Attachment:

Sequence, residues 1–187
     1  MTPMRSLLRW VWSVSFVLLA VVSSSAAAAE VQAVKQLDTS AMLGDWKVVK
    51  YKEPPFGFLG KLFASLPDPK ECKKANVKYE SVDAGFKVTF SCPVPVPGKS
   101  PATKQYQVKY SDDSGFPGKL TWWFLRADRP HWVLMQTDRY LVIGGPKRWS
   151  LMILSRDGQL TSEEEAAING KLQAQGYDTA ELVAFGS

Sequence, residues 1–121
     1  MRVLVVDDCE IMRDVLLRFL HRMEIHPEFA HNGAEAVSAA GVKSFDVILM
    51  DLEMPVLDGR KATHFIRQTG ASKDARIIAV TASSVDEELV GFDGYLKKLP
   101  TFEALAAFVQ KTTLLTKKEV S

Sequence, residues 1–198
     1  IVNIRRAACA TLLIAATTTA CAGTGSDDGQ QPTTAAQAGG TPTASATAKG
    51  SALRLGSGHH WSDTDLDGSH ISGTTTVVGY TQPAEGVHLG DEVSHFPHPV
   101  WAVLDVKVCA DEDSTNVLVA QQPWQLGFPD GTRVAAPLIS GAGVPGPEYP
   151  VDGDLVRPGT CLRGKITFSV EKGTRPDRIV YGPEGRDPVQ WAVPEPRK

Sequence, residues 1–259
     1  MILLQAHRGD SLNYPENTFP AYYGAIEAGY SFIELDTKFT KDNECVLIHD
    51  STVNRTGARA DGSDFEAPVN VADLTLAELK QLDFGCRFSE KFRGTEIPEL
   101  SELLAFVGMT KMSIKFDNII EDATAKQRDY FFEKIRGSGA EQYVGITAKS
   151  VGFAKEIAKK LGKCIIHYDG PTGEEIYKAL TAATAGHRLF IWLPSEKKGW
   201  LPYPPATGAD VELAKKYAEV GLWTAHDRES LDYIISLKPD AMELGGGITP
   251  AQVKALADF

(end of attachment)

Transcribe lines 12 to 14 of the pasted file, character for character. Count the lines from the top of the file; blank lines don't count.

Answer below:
    51  SALRLGSGHH WSDTDLDGSH ISGTTTVVGY TQPAEGVHLG DEVSHFPHPV
   101  WAVLDVKVCA DEDSTNVLVA QQPWQLGFPD GTRVAAPLIS GAGVPGPEYP
   151  VDGDLVRPGT CLRGKITFSV EKGTRPDRIV YGPEGRDPVQ WAVPEPRK